Miami Marlins

This Marlins rookie could have become a doctor. Instead, he chose baseball. Here’s why.

Miami Marlins pitching prospect Pablo Lopez talks to the media at Marlins Park in Miami, Friday, June 29, 2018. Lopez might get the start Saturday against New York Mets starting pitcher Jacob deGrom (48).
Miami Marlins pitching prospect Pablo Lopez talks to the media at Marlins Park in Miami, Friday, June 29, 2018. Lopez might get the start Saturday against New York Mets starting pitcher Jacob deGrom (48). Miami Herald

Baseball has had its share of “Docs.”

Among others, there was Doc Gooden, Doc Crandall and Doc Halladay.

None was an actual doctor.

Marlins rookie pitcher Pablo Lopez is no doctor, either, and no one yet has given him the nickname “Doc,” perhaps because he’s only been in the big-leagues for two weeks, or perhaps because most players on the Marlins aren’t familiar with his background.

But, if not for his love of baseball, the 22-year-old hurler from Venezuela might now be wearing a stethoscope and treating patients instead of throwing the pill in an effort to record outs.

“When I graduated from high school, I got accepted into med school, and I also got the opportunity to sign with the Seattle Mariners, pretty much at the same time,” Lopez said.

He was only 16, a very intelligent 16.

Lopez’s parents were both doctors and, growing up, he read his father’s anatomy books that were lying around the house.

“I was always in that environment,” Lopez said. They used to keep lots of (medical) books on the bookshelves, and I was always intrigued with them. And I would read about it.”

By the time he was 5, he was so gifted intellectually that his parents put him in first grade with the 6-year-olds.

In his spare time, he tagged along with his parents to their practices.

“I would go to the hospital with my dad, the clinic with my mom,” he said.

Medicine wasn’t his only interest. He became fluent in four languages: Spanish, English, Portuguese and Italian, though he said now his Italian is rusty and he’s only used Portuguese when conversing with a couple of his Brazilian teammates in the Mariners’ farm system.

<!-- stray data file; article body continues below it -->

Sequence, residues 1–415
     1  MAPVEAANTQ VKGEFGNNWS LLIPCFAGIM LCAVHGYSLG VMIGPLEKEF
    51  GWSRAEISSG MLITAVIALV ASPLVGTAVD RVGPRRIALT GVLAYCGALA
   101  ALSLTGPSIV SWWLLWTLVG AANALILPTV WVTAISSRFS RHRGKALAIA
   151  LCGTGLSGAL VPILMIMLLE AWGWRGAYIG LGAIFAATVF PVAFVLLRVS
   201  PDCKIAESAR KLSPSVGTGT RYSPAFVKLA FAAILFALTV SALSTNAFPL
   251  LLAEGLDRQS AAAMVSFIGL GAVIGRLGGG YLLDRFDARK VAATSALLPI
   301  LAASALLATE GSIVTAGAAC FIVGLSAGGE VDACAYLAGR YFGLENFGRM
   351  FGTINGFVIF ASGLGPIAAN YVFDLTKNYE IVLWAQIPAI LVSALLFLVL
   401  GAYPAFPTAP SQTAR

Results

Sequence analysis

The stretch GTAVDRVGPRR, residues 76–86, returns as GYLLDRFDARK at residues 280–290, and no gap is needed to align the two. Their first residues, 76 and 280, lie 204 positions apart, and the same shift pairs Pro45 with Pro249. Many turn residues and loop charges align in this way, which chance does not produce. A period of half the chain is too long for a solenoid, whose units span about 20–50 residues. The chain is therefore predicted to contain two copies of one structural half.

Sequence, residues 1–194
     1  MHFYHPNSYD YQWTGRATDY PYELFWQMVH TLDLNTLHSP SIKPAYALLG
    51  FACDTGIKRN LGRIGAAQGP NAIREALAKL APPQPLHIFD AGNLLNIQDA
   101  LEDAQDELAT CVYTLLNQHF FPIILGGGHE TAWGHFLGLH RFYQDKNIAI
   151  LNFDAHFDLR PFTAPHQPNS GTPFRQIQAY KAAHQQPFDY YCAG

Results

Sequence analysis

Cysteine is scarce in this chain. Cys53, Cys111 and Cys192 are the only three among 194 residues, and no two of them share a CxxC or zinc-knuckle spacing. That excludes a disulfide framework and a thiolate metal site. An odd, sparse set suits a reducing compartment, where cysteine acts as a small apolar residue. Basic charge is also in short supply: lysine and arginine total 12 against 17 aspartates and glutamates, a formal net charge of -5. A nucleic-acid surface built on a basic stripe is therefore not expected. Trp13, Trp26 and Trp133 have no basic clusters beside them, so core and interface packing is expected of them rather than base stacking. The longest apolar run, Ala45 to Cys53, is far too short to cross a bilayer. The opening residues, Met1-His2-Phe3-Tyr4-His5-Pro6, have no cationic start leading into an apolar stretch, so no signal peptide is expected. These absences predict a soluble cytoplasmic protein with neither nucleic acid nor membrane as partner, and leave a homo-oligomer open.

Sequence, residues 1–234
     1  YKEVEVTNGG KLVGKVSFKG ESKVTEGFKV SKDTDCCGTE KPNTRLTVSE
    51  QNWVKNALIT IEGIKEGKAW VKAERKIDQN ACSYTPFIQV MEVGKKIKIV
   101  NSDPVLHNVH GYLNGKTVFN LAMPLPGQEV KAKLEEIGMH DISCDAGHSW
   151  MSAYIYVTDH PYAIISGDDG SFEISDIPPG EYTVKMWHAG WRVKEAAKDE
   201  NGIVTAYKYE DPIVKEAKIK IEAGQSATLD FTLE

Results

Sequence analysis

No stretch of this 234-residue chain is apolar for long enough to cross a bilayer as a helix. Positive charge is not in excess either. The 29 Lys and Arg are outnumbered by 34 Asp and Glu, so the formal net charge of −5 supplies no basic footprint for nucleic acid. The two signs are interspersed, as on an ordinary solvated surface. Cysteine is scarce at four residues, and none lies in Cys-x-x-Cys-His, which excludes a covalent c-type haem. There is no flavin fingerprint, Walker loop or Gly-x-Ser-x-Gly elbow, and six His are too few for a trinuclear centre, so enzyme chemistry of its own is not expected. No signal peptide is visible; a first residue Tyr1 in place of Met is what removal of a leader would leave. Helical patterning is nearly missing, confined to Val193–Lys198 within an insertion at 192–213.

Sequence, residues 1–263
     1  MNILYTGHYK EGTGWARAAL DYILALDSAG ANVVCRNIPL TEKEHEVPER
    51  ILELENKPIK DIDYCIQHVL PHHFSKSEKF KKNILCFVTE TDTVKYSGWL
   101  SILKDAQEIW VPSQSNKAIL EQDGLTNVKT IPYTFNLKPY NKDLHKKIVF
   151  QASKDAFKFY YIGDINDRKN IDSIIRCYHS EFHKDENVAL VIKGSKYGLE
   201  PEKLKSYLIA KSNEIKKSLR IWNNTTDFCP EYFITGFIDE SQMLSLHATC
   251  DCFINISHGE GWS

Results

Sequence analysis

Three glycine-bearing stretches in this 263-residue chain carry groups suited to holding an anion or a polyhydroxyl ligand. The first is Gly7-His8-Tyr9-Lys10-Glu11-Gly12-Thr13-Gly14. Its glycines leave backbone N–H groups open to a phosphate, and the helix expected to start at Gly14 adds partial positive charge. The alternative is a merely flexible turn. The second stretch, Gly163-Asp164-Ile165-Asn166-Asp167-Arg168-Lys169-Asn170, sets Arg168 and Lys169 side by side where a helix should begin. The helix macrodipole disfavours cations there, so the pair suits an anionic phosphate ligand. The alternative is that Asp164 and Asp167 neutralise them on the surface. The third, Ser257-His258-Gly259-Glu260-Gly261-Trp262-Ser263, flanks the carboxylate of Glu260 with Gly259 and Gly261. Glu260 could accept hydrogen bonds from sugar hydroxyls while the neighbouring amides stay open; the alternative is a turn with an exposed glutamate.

Lopez graduated first in his high school class with a grade-point average of 19.8 on a scale of 1 to 20 and, after acing a standardized test, was accepted to med school in Venezuela.

“I kept going through high school and I promised my family I would finish it, because sometimes back in Latin countries, if you’re going to play baseball, a lot of people just drop out of high school,” he said “I promised my family I would not do that.”

But Lopez also realized he could not play professional baseball and become a doctor. It had to be one or the other.

“I wanted to do baseball, and I also wanted to be a doctor,” he said. “As I grew older, I realized I couldn’t do both, especially at the same time.”

When the Mariners offered him a chance to sign a professional contract in 2012, he chose baseball.

Lopez rationalized his decision this way:

“The body, as you grow older, gets weaker,” he said. “The mind just gets stronger. Baseball is a one-time opportunity. That was my thought process. I could always go back to school.”

His decision met with mixed reactions from family members. They were big believers in education. His sister is a lawyer and his brother is studying to become an engineer.

“My dad used to say, ‘I want you to be a baseball player. But I already picture you as a surgeon,’” Lopez said. “He’s a big baseball fan, but he’s a doctor, too.”

Lopez ended up with the Marlins last summer when they acquired the promising minor-league pitcher and three other prospects from the Mariners in a trade for David Phelps.

After a successful stint in the Marlins’ farm system (he had a mind-boggling 0.62 ERA at Double A Jacksonville earlier this season), Lopez was called up to the Marlins, earning the win in his big-league debut against the Mets on June 30. He’s gone 1-1 with a 6.35 ERA in his three starts.

His Marlins teammates have figured out quickly that Lopez is no dummy.

“Martin (Prado) and I call him ‘Wikipedia’ because when we don’t know something, we say ‘Ask Pablo. He definitely will know,’” said Marlins infielder Miguel Rojas.

For now, Lopez is no ‘Doc.’ Perhaps that nickname will come eventually.

Once his baseball career is over, it may become more than just a nickname, as in Dr. Pablo Lopez.

He said he intends to return to school after his playing days are over to earn his college degree and perhaps his M.D.

“As of now, that’s my plan,” Lopez said. “That’s one of my goals, to get a degree in something.”

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